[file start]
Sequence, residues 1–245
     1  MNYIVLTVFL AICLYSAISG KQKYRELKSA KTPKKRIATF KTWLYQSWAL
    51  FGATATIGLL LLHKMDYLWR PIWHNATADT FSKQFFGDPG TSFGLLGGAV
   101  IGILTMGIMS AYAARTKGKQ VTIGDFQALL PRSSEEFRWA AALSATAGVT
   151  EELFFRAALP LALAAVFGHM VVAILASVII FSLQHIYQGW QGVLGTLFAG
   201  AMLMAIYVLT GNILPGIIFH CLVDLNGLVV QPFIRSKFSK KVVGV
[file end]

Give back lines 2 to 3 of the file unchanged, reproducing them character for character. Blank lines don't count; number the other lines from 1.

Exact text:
     1  MNYIVLTVFL AICLYSAISG KQKYRELKSA KTPKKRIATF KTWLYQSWAL
    51  FGATATIGLL LLHKMDYLWR PIWHNATADT FSKQFFGDPG TSFGLLGGAV